Are there any differences between the MDC and the One-Stop Dispute Resolution Services (OSDRS)?
In legal terms, whether it is referred to as the Multi-Door Court (MDC) or whether it is referred to as the One-Stop Dispute Resolution Services (OSDRS), it does not imply any particular difference. I think the differences are in terms of the implementation. For instance, Singapore is implementing the model differently in terms of not including everything within one institution; instead, it is a case of different institutions working together.
What is your advice for people/persons who want to pursue a career in ADR or Arbitration?
There are so many different ways to begin to develop a profile within arbitration. Firstly, for people starting, if there are opportunities with arbitrational institutions or with mediation institutions, take it. It is a great way to get started. Secondly, law firms provide excellent training if there is an opportunity to work in a law firm that might be an excellent way to start out and then transition to a private firm, perhaps after a few years. Thirdly, publication is another great way to start developing a profile. Especially for more junior lawyers co-authoring with the more senior scholar or lawyer would be a nice way to develop a profile through publications.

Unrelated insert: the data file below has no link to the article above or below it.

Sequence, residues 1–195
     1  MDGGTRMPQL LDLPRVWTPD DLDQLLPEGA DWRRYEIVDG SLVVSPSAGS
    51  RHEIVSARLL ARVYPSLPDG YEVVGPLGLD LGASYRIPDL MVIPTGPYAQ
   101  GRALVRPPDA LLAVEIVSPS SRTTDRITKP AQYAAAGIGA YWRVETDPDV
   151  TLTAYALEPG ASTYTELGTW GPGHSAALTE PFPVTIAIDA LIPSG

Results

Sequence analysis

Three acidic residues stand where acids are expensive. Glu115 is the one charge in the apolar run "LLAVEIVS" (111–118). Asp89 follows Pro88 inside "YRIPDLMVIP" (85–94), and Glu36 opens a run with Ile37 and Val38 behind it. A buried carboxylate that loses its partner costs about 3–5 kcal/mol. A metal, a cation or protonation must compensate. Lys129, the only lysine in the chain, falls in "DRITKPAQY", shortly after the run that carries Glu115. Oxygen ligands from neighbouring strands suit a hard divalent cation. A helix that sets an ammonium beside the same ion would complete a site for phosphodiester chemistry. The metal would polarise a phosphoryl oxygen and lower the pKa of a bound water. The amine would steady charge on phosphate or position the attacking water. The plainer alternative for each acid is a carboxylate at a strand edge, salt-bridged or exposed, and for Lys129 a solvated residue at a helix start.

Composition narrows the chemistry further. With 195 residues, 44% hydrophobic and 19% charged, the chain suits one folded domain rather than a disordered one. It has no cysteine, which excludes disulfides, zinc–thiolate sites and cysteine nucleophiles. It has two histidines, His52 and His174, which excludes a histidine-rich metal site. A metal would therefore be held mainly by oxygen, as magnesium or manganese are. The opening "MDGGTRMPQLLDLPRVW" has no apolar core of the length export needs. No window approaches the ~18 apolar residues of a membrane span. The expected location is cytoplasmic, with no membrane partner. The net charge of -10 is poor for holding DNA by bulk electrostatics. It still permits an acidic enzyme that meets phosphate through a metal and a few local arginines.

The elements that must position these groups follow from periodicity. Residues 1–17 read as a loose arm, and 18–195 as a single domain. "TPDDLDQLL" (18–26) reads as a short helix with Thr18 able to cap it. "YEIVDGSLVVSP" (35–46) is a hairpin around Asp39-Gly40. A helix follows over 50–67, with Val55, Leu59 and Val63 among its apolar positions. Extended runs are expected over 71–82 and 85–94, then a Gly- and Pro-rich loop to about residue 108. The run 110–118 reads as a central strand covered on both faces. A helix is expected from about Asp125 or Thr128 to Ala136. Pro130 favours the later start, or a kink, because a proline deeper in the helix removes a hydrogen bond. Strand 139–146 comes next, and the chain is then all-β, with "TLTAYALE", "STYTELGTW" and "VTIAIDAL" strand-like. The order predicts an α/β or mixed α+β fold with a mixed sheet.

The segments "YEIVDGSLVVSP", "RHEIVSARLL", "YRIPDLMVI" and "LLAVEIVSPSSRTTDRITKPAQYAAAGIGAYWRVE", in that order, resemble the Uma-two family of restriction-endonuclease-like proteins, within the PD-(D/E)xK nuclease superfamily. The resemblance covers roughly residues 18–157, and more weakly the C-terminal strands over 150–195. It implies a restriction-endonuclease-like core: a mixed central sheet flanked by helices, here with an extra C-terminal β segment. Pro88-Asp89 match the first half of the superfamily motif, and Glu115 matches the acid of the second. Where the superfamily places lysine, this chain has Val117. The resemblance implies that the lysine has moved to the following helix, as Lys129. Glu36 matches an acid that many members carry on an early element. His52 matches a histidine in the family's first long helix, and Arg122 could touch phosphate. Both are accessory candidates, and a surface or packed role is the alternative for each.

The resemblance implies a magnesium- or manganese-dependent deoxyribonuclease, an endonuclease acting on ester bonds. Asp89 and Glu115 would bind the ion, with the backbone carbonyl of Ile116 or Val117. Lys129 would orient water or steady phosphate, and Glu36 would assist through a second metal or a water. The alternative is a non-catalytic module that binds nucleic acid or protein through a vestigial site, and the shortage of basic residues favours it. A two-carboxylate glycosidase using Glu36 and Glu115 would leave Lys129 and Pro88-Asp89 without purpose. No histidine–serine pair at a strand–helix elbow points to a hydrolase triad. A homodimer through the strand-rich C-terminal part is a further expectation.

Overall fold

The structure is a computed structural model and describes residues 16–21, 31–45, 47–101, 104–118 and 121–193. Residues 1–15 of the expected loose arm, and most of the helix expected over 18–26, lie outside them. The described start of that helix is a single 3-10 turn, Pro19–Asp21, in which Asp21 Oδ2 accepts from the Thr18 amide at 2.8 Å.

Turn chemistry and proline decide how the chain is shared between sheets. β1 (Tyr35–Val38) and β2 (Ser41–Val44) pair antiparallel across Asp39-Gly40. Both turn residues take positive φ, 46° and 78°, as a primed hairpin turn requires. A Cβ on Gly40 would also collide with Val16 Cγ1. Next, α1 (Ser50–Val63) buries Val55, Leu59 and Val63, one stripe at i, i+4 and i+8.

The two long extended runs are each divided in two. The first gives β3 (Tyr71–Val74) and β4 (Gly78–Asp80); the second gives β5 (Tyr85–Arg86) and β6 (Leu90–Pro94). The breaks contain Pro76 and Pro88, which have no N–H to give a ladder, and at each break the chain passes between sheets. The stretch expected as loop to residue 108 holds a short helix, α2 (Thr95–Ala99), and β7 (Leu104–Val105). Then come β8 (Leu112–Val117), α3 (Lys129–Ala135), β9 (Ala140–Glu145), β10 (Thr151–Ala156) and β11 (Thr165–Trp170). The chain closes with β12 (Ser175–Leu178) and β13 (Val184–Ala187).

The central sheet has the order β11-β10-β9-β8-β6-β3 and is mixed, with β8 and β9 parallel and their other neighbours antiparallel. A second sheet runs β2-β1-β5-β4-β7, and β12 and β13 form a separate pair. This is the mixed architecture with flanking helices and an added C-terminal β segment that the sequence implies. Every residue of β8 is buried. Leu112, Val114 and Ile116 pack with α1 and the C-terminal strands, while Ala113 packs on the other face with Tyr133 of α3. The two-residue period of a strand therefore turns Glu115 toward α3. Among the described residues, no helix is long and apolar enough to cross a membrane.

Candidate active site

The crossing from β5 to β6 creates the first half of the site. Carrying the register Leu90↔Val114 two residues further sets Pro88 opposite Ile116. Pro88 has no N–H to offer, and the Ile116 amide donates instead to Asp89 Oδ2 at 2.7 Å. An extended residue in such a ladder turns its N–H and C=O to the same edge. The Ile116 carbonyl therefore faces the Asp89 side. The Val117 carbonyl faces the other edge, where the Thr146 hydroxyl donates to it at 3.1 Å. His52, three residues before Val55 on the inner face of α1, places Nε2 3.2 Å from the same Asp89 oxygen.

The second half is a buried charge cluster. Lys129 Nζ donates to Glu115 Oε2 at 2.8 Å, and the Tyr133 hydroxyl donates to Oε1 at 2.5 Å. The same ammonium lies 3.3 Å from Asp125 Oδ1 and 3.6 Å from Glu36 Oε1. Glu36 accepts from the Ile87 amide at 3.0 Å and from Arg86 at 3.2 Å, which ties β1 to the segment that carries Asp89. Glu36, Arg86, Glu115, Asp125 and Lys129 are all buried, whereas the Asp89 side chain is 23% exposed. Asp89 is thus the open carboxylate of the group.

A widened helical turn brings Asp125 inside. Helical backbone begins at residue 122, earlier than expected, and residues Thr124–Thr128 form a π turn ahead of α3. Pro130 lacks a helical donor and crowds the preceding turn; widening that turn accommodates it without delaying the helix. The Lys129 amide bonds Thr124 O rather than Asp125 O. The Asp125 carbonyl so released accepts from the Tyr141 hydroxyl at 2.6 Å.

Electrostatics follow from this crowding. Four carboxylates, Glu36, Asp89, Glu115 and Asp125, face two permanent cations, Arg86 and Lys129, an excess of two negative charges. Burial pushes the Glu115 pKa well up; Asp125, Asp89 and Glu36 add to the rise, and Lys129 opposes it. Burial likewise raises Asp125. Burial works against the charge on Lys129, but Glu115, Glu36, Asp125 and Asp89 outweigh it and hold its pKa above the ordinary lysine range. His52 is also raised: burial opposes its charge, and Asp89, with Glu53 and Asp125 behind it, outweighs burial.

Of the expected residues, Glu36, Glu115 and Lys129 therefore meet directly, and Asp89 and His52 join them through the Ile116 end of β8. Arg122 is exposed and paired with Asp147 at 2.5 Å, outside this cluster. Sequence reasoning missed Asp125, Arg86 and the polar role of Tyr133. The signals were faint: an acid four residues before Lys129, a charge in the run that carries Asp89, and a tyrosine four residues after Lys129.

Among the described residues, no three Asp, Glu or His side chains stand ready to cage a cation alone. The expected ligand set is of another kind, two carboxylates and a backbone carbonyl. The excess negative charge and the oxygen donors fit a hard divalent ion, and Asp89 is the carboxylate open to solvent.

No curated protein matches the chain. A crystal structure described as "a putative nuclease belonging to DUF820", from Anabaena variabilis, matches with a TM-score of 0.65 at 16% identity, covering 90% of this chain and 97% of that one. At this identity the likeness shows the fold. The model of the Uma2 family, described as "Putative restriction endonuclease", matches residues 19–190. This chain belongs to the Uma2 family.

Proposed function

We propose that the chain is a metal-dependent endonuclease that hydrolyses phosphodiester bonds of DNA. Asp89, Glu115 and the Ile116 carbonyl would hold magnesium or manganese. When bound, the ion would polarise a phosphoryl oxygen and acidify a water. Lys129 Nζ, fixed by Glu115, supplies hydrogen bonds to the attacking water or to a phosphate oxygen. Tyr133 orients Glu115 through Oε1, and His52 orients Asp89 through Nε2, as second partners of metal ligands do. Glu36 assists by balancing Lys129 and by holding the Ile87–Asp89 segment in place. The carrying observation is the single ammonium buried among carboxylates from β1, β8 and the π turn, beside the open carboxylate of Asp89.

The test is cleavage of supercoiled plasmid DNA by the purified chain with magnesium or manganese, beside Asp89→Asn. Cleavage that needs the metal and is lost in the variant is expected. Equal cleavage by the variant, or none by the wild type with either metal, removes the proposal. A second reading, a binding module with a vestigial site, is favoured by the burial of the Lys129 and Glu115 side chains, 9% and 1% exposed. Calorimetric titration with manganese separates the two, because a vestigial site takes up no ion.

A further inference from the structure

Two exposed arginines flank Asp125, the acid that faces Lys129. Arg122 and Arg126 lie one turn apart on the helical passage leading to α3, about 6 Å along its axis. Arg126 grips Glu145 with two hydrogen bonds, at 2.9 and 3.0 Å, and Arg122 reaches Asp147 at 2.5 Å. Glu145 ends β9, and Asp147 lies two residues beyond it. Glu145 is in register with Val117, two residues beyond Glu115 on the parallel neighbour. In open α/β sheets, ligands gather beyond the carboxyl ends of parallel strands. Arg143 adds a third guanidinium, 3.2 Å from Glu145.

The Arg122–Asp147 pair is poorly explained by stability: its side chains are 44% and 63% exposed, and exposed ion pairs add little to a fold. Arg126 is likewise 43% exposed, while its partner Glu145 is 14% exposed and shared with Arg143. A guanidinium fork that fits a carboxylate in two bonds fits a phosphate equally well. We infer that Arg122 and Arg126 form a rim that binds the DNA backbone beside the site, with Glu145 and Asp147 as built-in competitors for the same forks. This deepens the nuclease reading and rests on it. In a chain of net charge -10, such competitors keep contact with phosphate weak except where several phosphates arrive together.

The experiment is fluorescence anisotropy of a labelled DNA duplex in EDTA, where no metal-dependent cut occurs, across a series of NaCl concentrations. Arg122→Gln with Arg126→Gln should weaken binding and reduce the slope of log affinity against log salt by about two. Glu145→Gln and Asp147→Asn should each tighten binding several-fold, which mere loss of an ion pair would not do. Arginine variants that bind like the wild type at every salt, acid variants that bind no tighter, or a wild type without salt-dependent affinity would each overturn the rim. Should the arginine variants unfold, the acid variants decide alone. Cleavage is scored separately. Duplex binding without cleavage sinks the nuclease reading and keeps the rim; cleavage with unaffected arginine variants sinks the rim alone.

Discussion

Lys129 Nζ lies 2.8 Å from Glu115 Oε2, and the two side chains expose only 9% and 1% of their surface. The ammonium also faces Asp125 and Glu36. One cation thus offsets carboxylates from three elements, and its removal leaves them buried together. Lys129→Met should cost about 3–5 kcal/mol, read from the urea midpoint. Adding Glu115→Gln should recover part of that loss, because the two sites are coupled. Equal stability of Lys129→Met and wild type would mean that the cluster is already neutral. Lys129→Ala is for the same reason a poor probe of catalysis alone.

Finally, make use of social media. There are so many developments and many publicly available materials. It is a good use of one’s time to pay attention to the discussions on social media. Now, virtually with webinars, there are some interesting webinars available generally to the public. There are incredible resources that are now available virtually without registration fees. It is an excellent way for lawyers to continue educating themselves and demonstrate their interest in the area. It is essential to point out that demonstration of interest is crucial because employers see that he/she is active in the community. For example, they have published a few articles, they have interned in a few institutions. These are all great ways for junior lawyers to demonstrate a genuine interest in these areas.
This work, to an extent, has critically evaluated the impact of the one-stop dispute resolution services in Asia. In furtherance, highlighted the different approaches adopted by China and Singapore while examining the differences and similarities between the MDC and the One-Stop Dispute Resolution. It concludes with concrete advice for people/persons who want to pursue a career in ADR or Arbitration.